Criminal Case Procedure

With some exceptions, criminal cases are tried under the same rules of procedure and in much the same manner as civil cases. The person indicted or against whom the offense has been charged is known generally as the defendant. The state prosecutes all criminal cases in the name of the state. In a criminal case, the contention of the state is that a law of the state has been broken. The defendant, on the other hand, contends that he did not commit the offense charged or that there was some justification.

The attorney who represents the state in felony cases is called the district attorney, and the attorney who represents the state in misdemeanor cases is called the solicitor. Felony cases are those in which a crime is punishable by more than one year in prison. Misdemeanor cases are those in which a crime is punishable by one year or less in prison.

The basic mission of a jury is the same in both kinds of trials: to listen to the evidence with an open mind and to apply the law according to the judge’s instructions. But in criminal cases, the side that makes the complaint or accusation–the prosecution–has a higher burden to meet: in order for you and the other jury members to decide in favor of the prosecution, you must be unanimously convinced that the prosecution has proved every accusation of crime–that is, every point you’re being asked to give a verdict on–beyond a reasonable doubt.

“A reasonable doubt” is a doubt based upon a reason, and for which a good explanation can be given. It is a doubt upon which a reasonable person would act, or decline to act, in a matter of importance or of grave concern to himself or herself. It is the doubt of a fair-minded, impartial juror honestly seeking the truth.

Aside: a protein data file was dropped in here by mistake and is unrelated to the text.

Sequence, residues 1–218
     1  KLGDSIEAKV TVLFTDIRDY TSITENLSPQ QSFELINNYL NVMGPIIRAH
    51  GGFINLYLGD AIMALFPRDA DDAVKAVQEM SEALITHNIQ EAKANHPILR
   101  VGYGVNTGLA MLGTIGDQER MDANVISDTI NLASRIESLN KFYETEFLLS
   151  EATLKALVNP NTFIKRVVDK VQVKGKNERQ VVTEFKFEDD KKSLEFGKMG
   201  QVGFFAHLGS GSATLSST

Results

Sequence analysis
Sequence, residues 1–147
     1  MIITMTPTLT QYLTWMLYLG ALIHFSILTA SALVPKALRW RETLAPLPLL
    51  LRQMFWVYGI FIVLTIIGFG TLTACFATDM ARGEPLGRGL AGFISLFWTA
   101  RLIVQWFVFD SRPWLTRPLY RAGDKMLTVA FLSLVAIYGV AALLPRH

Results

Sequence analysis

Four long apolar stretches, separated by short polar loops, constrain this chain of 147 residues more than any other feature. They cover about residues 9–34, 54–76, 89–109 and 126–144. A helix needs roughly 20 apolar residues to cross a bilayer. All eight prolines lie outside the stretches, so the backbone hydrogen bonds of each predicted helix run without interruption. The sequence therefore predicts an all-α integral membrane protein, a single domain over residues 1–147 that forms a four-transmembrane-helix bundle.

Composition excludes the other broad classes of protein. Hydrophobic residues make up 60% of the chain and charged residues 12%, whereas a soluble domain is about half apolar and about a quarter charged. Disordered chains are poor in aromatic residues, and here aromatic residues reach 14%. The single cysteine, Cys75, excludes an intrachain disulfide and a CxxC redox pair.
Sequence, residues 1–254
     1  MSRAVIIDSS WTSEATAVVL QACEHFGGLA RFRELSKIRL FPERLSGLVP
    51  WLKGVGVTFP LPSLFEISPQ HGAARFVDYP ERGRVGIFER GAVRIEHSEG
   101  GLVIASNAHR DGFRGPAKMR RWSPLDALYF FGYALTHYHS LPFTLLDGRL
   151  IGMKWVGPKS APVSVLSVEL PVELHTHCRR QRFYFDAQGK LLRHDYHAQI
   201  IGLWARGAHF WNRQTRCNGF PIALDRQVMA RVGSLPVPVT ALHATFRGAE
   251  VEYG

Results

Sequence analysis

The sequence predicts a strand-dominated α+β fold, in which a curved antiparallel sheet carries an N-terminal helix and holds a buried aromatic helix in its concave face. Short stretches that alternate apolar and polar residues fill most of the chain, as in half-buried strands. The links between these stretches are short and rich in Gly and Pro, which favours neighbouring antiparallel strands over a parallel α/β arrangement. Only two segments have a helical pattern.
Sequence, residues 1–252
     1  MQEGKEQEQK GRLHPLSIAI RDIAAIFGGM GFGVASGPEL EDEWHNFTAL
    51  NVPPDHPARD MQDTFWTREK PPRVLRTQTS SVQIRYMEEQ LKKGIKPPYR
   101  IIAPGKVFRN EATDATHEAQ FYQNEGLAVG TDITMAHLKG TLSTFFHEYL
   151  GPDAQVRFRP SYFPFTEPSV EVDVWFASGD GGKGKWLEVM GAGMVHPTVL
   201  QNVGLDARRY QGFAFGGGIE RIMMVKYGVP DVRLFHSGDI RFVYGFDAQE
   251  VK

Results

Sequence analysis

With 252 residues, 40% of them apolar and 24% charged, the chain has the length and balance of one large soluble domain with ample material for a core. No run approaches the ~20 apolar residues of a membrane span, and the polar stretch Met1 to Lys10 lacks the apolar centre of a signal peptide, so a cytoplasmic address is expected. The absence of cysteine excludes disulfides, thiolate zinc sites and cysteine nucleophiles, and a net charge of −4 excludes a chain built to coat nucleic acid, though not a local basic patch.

In criminal cases, the jury’s verdict is expressed as “guilty” or “not guilty.” If you as a jury decide that a defendant is not guilty, then the defendant is free and the case is over.

If you find the defendant guilty, the judge will set the sentence at that point or in a later session.

However, if the jury finds the defendant guilty of a crime punishable by death, the judge will not impose the death penalty unless your verdict includes findings of aggravating circumstances and a recommendation that the death penalty be imposed. (In any such case, the judge will tell you what rules and choices apply to your decisions.)

There are some other differences between a civil and a criminal trial:

  • In civil trials, complaints can be brought by individuals, private organizations, or the government. In contrast, all criminal trials start with an indictment or accusation from the state, charging that the defendant has broken a law. The defendant does not file a written reply. The court starts with the assumption that the defendant denies the charges.
  • The attorney representing the state in felony cases (potentially punishable by more than a year in prison) is called the district attorney; the attorney representing the state in misdemeanor cases (potentially involving a year or less in prison) is called the solicitor.
  • In a non-capital felony case (that is, a felony case that doesn’t potentially involve the death penalty), the court begins with a panel of 30 jurors, and each side is entitled to strike (dismiss) as many as nine jurors, leaving twelve for the trial. In misdemeanor cases, the court begins with a panel of twelve, and the lawyers may strike three each, resulting in a six-person trial jury.